The Weekend Leader - In full gear

Cycle to work, the new health mantra for some Bangalore youth

Marianne de Nazareth   |   Bangalore


Vol 1 | Issue 16

Ravi Ranjan, an electronics and communications engineer with ST-Ericsson, an IT company, is so passionate about cycling that he simply cycles to work from his house in Sarjapur Road to KR Puram.

The founder of Ride a Cycle Foundation, 33-year-old Ravi says he started cycling for two reasons. Five years ago when his first son was born, he found he was not fit enough to play with him. So he began to cycle 26 km to work. “I would take the village roads through Carmelaram or Varthur and enjoy the greenery and fresh air,” he says.

Cycling aficionado Ravi Ranjan cycles 26 km daily from his home to workplace  

Ravi started with a BSA Roadster with a single gear but today he own three bikes. “A Bianchi Aeron which has 20 gears is a road bike and it cost me Rs 25,000. My Giant has 24 gears, and is a mountain bike. I bought it on a business trip to France for Rs 62,000. I also have a Fixie from Schwinn that cost me Rs 10,000,” he says.

Ravi and his friends go to corporate houses and give presentations about how healthy it is to cycle. “We take cycles with us so people can try them out in the campuses. We encourage them to use the cycle as their daily mode of transport like we do,” he reveals.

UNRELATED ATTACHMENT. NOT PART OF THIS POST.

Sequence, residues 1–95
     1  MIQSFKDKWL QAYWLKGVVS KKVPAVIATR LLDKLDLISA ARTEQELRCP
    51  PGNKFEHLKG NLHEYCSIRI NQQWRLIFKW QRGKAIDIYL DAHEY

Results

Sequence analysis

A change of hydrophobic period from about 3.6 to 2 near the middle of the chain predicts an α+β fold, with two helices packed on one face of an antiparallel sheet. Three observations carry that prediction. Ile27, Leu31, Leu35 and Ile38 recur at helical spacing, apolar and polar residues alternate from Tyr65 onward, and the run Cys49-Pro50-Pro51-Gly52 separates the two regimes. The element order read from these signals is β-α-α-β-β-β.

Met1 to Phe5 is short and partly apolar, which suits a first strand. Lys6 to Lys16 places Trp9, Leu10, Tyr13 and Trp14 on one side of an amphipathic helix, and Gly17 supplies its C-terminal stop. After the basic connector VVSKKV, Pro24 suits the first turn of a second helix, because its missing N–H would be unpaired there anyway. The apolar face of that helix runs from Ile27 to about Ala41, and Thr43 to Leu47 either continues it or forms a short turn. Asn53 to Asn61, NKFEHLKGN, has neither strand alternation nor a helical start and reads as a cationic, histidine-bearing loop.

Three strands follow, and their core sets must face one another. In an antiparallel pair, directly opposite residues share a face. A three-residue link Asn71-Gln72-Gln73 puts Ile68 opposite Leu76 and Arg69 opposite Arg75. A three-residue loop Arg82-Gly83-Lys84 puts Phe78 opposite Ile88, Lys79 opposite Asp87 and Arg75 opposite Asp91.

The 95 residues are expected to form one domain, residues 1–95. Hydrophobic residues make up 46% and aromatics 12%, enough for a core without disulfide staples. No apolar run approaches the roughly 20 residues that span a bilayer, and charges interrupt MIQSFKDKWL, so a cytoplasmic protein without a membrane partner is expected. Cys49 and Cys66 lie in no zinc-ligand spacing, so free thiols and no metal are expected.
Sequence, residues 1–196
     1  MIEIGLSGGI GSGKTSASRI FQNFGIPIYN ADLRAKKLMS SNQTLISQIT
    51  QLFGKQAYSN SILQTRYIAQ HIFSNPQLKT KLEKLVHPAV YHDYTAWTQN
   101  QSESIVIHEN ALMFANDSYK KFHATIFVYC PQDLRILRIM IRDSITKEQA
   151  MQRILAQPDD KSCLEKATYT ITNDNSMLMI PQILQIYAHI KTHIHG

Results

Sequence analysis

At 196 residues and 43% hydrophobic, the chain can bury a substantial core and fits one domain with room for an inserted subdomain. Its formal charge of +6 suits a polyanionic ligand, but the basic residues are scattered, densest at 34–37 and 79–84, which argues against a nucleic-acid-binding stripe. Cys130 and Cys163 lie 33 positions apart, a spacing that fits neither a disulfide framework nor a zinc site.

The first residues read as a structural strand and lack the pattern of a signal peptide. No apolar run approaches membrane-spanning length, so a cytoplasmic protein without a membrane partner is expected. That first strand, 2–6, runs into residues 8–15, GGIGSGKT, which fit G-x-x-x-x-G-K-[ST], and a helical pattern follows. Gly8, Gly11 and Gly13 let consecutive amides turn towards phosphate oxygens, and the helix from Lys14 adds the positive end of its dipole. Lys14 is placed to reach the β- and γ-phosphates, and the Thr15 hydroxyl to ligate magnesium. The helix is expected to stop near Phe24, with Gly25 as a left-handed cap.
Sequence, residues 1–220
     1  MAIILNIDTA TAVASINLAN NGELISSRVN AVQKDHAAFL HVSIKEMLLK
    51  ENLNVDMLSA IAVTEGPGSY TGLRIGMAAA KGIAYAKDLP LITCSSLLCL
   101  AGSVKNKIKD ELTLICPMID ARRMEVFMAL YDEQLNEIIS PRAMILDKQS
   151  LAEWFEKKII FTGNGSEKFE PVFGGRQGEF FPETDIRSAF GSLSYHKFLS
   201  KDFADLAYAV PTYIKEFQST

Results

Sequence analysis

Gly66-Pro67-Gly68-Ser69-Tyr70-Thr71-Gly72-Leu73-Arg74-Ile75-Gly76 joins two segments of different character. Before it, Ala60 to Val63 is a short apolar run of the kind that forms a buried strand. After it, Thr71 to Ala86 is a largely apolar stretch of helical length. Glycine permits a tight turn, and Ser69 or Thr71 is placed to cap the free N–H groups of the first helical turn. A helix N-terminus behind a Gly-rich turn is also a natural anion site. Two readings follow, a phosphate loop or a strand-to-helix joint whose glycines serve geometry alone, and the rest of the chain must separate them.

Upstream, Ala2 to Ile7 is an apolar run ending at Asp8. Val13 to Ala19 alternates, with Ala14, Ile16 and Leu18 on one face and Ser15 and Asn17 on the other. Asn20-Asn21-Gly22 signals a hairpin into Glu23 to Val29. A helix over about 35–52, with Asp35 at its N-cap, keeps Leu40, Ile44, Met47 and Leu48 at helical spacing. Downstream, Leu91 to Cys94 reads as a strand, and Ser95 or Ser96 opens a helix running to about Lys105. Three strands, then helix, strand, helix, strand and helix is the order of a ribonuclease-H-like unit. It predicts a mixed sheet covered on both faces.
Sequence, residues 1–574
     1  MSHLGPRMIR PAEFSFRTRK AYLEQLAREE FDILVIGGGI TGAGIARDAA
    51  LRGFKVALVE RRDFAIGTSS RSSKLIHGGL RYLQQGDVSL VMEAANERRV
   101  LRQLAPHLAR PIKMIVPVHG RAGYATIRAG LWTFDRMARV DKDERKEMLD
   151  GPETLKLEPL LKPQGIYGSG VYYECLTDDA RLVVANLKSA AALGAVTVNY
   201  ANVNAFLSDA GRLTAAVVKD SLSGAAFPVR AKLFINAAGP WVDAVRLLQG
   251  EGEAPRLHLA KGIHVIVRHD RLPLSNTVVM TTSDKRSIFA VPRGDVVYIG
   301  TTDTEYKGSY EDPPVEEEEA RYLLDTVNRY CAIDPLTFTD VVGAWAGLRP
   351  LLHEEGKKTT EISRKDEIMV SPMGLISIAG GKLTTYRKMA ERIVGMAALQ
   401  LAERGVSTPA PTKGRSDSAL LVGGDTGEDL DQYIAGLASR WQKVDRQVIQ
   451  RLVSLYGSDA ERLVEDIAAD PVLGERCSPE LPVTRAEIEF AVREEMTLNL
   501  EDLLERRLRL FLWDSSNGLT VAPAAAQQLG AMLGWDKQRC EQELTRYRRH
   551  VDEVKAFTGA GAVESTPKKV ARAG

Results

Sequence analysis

They have also floated ‘park a cycle’ project. This is to aid people who work too far away to cycle the whole distance from home to workplace. “Say if someone has to cycle 30 km each way, it can be exhausting doing 60 km in a day. What we are encouraging is the last mile commute, where people cycle up to areas where there are frequent buses. We have made arrangements for them to park their cycles safely in shops like Printo or large apartment buildings free of cost. People help by providing space for the cycles to be parked safely for the day. Then the cyclist takes the bus back to pick up his cycle and pedals that one km home.”

Ravi has also started a ‘cycle re-cycle’ project where people can donate their broken cycles which are repaired by them and donated to kids who enjoy cycling. This encourages children to take to cycling, rather than being ferried around in cars, he says.

In 2008, Rajesh Nair, a friend from the US called Ravi and suggested doing a tour of South India on a cycle. “I immediately agreed and we found people with a common interest on - an online forum for cyclists. It was a great success and that’s when the idea of starting a foundation germinated. One has to be a legal entity to connect with sponsors or the government and that’s why I floated Ride a Cycle Foundation which is an NGO. Through that we hope to get the government to give cyclists a dedicated cycling track, parking areas and other facilities,” he explains.

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